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Hi, my name is Alexis, although to my friends I am Lexi. I am from the UK but have lived in New Zealand for the last 4 years.

I was diagnosed with RA in August 2016 although I think there were signs before that if I look back. I had pain and fatigue to the extent I thought it was the flu. My ankle has also given me trouble which later turned out to be Osteoarthritis. When seeing my GP in May, I finally got my appointment with a Rheumatologist scheduled for August 2016.

My Anti-CCP blood test (this is a definitive test for RA) level was 250.  To put that in perspective, normal levels are below 20. I left my appointment in shock with a leaflet and prescription for Methotrexate which was also used for cancer patients, but RA patients take a much lower dosage. I used to walk miles but now my feet hurt and I also have problems with my hands, knees, neck, and shoulders with lots of stiffness and fatigue.

My first Rheumatologist was ok, but I did not find him easy to talk to. Luckily, I took a cancellation appointment with another doctor three months later and she was great so now I only see her, who is a joy to talk with. It is worth making sure you have a rapport as a Rheumatologist is your permanent go-to person. At present, I go every three months and have blood checks in between.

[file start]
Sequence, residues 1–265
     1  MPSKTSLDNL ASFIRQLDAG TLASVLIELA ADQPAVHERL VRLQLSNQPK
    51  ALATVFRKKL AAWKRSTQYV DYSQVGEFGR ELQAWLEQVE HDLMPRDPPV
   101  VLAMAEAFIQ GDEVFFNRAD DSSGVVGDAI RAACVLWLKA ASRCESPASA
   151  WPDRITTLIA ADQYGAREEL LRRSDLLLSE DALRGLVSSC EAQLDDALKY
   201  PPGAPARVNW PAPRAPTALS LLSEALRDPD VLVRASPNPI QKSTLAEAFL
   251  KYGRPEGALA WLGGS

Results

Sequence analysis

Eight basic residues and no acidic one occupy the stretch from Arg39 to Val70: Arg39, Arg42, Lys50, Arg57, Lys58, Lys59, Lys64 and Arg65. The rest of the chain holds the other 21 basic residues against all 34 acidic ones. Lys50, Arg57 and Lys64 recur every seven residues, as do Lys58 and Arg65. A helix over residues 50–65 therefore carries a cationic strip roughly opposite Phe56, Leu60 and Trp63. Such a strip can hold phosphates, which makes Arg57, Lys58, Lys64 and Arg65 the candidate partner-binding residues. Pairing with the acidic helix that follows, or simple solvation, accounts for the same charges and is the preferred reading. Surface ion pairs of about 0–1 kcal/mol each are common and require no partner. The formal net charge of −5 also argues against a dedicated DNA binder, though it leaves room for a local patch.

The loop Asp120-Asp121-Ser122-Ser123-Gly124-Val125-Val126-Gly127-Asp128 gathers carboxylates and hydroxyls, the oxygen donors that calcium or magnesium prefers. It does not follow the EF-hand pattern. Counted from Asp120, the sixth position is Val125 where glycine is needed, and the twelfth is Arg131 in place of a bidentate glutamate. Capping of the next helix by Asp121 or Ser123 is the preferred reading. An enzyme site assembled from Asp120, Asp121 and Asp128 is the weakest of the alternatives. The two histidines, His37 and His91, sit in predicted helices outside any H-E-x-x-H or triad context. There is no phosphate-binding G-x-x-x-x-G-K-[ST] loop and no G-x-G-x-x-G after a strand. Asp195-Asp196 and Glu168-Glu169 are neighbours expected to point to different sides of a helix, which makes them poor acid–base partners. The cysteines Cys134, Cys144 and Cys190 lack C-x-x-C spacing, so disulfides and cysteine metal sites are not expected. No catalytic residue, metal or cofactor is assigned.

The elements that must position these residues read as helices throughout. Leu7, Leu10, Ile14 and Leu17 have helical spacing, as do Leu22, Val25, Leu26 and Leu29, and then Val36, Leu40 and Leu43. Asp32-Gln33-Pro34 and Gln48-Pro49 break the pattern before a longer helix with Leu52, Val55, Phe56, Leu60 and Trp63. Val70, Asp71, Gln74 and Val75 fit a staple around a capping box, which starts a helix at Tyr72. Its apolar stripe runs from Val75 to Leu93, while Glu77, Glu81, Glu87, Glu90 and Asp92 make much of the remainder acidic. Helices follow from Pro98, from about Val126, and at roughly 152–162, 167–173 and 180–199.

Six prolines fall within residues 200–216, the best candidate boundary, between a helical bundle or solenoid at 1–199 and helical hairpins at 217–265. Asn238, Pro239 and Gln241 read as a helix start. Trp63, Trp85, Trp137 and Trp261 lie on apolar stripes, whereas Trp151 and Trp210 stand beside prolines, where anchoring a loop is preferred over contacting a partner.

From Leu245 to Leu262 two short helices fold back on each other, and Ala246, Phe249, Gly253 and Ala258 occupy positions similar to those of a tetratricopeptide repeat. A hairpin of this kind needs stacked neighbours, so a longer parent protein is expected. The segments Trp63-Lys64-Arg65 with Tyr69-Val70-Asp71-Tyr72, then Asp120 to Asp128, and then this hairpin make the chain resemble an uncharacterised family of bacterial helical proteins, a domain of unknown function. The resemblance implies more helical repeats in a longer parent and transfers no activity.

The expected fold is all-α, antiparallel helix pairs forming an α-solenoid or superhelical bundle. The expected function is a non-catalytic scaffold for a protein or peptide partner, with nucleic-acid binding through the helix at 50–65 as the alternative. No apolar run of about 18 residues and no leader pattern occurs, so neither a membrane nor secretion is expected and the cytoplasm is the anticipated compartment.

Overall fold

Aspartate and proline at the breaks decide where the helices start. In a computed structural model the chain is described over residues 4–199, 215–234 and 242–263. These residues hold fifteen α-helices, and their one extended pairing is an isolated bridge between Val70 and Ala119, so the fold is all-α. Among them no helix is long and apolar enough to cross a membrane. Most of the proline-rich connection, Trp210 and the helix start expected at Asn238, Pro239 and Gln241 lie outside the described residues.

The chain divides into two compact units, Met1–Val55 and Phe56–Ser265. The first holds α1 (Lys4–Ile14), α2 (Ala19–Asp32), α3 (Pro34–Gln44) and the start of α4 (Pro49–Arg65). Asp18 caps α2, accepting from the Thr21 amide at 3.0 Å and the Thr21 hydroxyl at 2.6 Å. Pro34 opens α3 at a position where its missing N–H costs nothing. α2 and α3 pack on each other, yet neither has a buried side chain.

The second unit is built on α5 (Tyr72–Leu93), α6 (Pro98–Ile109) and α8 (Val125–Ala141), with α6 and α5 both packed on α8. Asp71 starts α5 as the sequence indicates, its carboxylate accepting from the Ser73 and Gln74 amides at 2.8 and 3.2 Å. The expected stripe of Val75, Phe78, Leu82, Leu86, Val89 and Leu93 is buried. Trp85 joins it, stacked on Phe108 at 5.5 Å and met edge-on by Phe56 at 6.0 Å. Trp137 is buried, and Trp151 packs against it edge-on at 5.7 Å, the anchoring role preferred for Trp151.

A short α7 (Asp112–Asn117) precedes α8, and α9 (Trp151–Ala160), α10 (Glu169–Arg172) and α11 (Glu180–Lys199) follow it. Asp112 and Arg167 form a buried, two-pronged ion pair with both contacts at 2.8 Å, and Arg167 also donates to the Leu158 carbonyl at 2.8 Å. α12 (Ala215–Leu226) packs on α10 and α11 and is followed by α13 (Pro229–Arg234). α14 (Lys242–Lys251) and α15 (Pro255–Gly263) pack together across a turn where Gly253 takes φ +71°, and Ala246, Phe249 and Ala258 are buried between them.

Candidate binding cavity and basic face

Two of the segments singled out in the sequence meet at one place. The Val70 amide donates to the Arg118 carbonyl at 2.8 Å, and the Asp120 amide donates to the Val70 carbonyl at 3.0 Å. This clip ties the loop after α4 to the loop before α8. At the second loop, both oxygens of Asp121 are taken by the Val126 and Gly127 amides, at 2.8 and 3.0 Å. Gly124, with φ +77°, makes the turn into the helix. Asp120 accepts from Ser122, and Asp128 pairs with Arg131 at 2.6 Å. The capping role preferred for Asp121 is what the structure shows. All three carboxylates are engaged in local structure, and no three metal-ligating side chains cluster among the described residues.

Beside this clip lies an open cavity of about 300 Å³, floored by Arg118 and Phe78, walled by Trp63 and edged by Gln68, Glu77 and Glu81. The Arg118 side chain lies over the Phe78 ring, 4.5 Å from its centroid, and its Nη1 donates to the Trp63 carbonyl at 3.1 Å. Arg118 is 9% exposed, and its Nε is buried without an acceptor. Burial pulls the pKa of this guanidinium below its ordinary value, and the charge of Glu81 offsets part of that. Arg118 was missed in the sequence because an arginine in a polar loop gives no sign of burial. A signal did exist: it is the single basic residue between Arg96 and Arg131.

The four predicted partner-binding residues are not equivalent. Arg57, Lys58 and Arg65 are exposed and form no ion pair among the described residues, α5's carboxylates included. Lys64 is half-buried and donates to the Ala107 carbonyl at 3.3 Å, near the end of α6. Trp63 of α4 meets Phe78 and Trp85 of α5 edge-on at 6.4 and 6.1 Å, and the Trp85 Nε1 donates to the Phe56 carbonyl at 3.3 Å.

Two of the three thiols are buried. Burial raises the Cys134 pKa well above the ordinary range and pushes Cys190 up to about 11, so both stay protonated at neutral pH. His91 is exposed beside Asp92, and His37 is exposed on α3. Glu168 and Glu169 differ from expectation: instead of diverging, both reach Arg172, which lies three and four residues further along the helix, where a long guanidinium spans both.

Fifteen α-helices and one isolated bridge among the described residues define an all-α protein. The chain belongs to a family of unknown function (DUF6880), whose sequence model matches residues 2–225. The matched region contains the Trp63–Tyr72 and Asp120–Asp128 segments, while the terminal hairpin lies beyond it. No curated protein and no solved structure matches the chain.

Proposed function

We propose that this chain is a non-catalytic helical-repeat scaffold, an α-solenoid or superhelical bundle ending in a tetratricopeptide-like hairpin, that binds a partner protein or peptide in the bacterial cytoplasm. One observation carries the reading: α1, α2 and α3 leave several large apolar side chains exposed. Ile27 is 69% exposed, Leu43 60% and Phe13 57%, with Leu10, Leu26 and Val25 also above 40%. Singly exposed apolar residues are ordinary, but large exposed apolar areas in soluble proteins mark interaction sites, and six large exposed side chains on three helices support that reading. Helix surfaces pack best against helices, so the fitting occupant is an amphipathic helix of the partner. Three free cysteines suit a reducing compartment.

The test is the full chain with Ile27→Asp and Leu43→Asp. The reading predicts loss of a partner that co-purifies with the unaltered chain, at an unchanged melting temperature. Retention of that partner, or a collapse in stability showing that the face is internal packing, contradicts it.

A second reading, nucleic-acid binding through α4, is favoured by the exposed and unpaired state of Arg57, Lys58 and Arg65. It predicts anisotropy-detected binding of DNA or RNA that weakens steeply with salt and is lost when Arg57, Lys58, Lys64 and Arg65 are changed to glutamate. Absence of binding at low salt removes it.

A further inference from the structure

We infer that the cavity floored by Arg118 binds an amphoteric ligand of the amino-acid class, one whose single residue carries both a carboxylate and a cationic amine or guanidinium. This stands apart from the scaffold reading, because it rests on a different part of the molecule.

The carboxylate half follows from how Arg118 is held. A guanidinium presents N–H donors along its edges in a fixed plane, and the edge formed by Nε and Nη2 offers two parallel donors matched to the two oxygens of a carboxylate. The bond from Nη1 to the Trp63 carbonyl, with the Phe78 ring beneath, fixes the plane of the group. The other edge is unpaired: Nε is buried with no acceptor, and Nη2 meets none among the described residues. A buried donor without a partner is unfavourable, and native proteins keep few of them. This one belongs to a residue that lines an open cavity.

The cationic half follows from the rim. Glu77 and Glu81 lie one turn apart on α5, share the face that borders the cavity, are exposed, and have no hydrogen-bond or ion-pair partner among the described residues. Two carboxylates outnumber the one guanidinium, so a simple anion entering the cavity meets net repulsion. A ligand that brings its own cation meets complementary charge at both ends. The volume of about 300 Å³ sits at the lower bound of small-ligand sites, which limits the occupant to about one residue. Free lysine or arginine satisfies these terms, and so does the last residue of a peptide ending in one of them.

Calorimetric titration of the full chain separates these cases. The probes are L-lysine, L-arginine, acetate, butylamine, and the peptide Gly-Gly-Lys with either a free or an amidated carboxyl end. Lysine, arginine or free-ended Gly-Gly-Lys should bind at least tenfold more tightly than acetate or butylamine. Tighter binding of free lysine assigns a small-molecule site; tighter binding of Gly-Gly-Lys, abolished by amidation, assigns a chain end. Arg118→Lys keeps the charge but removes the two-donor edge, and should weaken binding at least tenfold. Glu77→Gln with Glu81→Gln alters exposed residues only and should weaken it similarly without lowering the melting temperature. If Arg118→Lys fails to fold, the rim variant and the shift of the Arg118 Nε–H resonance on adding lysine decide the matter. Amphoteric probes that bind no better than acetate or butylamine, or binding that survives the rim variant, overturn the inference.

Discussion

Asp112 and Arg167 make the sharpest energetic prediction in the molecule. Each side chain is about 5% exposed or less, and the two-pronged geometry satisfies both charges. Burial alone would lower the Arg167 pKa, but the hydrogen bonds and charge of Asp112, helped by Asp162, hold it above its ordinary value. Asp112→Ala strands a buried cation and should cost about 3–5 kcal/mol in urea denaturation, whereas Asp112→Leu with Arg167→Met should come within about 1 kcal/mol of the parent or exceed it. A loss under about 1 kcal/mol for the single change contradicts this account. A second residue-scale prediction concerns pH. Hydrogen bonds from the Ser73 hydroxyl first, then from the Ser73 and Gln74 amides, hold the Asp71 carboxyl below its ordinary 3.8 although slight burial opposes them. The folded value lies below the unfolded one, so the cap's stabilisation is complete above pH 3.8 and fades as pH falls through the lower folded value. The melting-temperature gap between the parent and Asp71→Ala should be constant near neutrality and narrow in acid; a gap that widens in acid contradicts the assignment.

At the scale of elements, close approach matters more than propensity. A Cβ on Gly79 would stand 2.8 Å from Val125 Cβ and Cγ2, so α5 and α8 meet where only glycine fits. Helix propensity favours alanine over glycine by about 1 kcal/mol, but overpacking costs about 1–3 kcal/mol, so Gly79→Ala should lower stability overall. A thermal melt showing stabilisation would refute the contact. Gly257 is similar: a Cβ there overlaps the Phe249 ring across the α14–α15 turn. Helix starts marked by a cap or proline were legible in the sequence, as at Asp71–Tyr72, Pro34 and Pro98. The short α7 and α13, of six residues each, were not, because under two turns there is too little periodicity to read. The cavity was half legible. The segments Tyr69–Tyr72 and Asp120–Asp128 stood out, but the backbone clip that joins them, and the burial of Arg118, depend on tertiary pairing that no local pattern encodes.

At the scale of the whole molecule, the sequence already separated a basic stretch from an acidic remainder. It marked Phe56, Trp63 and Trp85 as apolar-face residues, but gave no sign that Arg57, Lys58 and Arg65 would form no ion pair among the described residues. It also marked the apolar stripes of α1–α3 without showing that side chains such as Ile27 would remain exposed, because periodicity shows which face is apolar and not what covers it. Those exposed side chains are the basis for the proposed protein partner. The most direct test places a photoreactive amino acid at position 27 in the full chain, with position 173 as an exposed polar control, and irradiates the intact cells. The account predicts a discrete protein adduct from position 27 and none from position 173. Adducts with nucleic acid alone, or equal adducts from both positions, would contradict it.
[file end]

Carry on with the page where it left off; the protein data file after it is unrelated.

Medications

Methotrexate has worked reasonably well for now and I am also on Plaquenil and Folic Acid. On my last visit, my inflammation levels were lower so I could not understand why I was still in a lot of pain, with fatigue and stiffness?

Anyway, on Friday 15th December 2017 my Rheumatologist also diagnosed me with Fibromyalgia which is another story. Needless to say, I felt shocked and am now on more medication. I have RA, OA, and Fibromyalgia!

It has been hard and there are going to be harder times in the future and I have my down days.

I found online support Groups good. I have also started a local Support Group which I hope will help people. My appreciation for life has grown and so has my determination – I will not let this beat me. Every day, I wake up to being positive and combating the depression (which is normal) and, ultimately, being grateful for life.

SOURCE: http://cureup.org/story/my-journey-with-rhematoid-arthritis/

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